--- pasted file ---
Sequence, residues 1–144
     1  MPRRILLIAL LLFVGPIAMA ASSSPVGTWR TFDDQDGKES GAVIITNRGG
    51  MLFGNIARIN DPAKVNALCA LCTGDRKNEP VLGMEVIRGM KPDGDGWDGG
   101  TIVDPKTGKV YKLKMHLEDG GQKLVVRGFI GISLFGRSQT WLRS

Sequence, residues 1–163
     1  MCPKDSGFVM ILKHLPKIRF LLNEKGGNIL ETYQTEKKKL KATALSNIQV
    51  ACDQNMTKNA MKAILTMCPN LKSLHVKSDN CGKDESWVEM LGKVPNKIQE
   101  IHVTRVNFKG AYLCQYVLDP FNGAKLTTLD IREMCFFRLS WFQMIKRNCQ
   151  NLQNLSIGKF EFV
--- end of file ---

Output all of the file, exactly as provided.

Sequence, residues 1–144
     1  MPRRILLIAL LLFVGPIAMA ASSSPVGTWR TFDDQDGKES GAVIITNRGG
    51  MLFGNIARIN DPAKVNALCA LCTGDRKNEP VLGMEVIRGM KPDGDGWDGG
   101  TIVDPKTGKV YKLKMHLEDG GQKLVVRGFI GISLFGRSQT WLRS

Sequence, residues 1–163
     1  MCPKDSGFVM ILKHLPKIRF LLNEKGGNIL ETYQTEKKKL KATALSNIQV
    51  ACDQNMTKNA MKAILTMCPN LKSLHVKSDN CGKDESWVEM LGKVPNKIQE
   101  IHVTRVNFKG AYLCQYVLDP FNGAKLTTLD IREMCFFRLS WFQMIKRNCQ
   151  NLQNLSIGKF EFV